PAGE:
To investigate dynamics of subcellular membrane trafficking of invasive pathogens, great improvements have been achieved since the transmission electron microscopy (TEM) based studies of the late 1980s 4,5. For example, fluorescence microscopy based methods using dyes, antibodies against bacterial surface components, or markers for co-localization with subcellular compartments took over 6,7. However, they still do not yield precise spatiotemporal resolution and robustness to measure vacuolar rupture by bacterial pathogens quantitatively.
This hurdle has been addressed with an assay based on the cephalosporin derived CCF4-AM FRET reporter that was first used to study gene expression 8. Then, it was used in the context of infection biology to investigate effector secretion and to follow the uptake of Neisseria into host cells 9,10,11. We developed an assay taking advantage of this reporter for studying vacuolar rupture induced by Shigella flexneri 12 and Mycobacterium tuberculosis17. The principle of our method is described in Figure 1 using Shigella flexneri. First, host cells are loaded with the FRET CCF4-AM substrate that is trapped inside the cytoplasm after cleaving off the AM ester moieties. Then, cells are infected with Shigella flexneri. β-lactamase present on the surface of the bacteria is able to cleave the CCF4 substrate as soon as vacuolar rupture occurs. This leads to a loss of FRET signal switching the emission peak from 535 nm to 450 nm upon excitation of the probe at 405 nm. The ratiometric measurement of the 450/535 nm intensities highlights vacuolar integrity: low ratios reflect membrane-enclosed or extracellular bacteria whereas high ratios reflect contact between the bacteria and the host cytosol. We also report an adaptation of this method for studying phagosomal rupture induced by Mycobacterium tuberculosis in THP-1 macrophages. The experimental principles remain the same although the sequence is reversed, CCF4-AM loading is applied only after bacterial infection.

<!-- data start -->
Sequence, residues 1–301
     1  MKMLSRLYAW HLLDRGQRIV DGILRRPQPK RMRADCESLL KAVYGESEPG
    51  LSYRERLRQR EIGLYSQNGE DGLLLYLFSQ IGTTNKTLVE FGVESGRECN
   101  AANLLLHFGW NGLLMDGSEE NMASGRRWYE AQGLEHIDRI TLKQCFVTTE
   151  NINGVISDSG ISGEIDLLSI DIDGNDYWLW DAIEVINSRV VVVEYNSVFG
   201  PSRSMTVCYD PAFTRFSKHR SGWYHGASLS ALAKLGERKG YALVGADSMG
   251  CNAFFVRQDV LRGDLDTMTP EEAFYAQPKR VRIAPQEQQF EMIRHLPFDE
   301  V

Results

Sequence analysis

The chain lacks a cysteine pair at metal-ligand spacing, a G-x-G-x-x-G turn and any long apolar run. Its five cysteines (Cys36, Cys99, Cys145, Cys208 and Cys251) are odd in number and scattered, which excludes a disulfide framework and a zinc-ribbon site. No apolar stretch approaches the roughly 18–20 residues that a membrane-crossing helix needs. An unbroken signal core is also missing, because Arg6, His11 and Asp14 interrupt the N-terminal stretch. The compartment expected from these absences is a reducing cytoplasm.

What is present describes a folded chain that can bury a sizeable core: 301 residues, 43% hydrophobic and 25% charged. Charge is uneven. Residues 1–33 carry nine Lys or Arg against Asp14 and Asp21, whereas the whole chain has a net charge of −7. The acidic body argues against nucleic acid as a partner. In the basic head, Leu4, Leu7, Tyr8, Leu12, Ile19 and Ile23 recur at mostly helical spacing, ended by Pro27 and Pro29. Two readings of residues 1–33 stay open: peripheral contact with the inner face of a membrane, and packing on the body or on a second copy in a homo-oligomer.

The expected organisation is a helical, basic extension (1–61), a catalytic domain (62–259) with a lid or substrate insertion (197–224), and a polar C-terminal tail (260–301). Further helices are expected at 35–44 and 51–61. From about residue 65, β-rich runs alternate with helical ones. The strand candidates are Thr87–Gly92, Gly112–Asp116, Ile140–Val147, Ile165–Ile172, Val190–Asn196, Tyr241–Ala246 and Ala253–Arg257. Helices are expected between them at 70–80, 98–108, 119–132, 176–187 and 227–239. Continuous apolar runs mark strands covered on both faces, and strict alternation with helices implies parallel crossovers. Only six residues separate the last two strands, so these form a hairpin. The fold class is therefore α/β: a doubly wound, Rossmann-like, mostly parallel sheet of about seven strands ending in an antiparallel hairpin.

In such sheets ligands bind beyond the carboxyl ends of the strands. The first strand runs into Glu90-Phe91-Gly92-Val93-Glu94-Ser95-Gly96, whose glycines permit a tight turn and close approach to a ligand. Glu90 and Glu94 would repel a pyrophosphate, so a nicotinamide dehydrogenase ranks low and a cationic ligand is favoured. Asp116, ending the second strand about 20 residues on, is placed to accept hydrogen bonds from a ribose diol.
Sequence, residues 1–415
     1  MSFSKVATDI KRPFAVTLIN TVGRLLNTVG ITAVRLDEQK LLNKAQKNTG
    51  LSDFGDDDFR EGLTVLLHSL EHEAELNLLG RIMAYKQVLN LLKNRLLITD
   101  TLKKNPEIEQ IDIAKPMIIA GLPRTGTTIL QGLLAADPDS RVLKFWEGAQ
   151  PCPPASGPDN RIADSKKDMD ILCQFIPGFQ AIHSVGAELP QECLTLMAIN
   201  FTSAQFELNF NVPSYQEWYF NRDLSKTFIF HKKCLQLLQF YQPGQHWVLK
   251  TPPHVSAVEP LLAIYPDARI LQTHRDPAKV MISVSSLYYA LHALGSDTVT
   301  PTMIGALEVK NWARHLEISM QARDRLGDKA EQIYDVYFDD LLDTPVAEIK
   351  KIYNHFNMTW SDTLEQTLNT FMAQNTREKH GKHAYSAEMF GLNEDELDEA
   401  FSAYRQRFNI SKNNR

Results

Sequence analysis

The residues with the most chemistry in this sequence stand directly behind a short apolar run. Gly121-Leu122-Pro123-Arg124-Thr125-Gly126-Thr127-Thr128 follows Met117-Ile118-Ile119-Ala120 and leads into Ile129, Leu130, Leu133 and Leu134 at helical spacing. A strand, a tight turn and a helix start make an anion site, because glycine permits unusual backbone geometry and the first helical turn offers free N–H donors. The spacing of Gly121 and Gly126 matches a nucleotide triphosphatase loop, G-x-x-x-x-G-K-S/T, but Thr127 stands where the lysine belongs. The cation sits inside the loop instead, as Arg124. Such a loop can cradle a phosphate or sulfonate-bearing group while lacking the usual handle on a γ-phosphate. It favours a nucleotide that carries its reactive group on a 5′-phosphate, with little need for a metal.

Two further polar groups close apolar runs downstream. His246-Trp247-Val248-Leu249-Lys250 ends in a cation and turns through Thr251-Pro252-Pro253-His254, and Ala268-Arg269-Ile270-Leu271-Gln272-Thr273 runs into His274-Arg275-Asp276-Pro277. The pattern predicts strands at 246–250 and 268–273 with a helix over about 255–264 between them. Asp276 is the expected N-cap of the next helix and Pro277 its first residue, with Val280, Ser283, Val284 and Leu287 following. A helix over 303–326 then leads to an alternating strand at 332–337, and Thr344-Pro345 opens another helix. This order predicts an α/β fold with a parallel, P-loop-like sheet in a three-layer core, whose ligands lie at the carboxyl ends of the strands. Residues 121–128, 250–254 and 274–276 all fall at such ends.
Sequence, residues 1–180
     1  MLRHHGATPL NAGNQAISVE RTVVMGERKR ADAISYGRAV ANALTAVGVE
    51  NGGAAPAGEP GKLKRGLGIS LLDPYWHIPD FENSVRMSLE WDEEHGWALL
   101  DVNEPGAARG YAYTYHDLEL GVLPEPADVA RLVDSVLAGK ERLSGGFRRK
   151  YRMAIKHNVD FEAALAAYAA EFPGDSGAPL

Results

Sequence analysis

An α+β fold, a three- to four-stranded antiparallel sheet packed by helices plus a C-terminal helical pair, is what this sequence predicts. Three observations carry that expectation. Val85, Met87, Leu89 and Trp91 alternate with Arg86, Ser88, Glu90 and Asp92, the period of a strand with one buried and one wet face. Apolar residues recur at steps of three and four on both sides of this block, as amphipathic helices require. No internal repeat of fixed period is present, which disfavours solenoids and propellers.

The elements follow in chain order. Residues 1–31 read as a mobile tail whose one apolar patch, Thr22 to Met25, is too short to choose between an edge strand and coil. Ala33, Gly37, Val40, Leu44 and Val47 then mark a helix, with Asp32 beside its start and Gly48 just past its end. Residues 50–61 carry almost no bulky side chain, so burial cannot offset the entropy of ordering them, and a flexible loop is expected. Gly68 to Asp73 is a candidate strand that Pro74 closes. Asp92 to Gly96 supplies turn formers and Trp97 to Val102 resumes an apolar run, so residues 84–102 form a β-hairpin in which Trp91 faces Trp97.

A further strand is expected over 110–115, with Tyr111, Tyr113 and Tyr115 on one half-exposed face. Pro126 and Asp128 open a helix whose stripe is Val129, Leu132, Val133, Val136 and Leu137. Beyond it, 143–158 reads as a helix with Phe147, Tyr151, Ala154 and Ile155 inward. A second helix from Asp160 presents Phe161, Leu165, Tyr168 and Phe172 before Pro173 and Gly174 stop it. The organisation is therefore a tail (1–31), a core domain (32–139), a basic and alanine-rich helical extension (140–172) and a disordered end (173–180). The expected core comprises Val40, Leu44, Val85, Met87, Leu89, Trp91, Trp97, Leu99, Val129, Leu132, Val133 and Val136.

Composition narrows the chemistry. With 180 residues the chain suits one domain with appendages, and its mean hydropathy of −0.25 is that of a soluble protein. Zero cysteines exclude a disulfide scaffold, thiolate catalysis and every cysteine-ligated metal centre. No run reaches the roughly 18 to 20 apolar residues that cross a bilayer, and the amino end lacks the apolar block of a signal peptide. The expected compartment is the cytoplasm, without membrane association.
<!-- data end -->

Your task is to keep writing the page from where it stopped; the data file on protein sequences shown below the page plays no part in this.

Thus, by quantitative ratiometric fluorescence measurements at the single cell level, the vacuolar rupture of Shigella flexneri can be tracked in real time and in fixed samples from different cell types 12,13,14. Furthermore, this method can be adapted to a number of other invasive pathogens as shown in this study using Mycobacterium bovis and Mycobacterium tuberculosis. Finally, the miniaturization of our protocol to 96 well (or 384 well) formats allows screening of numerous conditions at high throughput.
The assay works in various formats, however we recommend scaling down the sample volume to save reagents, particularly CCF4-AM. Therefore, the following protocol is described for fixed HeLa cells or THP-1 macrophage-like cells in a 96 well format, then for live HeLa cells in 35 mm glass bottom dishes. The assay can be adapted for other pathogens. Besides Shigella infection, we describe the assay for THP-1 phagocytosing different mycobacterial strains.
Importantly, after CCF4-AM loading, all reagents and buffers including washing buffers require the presence of probenecid at 1 mM. Probenecid is an anion channel inhibitor that promotes cytosolic retention of CCF4 throughout all the steps of the protocol. Fixed samples should be acquired within a few hours after the experiment since the CCF4 signal is not stable for long time periods.
1. CCF4 Assay on Fixed Samples Using Shigella flexneri (96 Well Plates)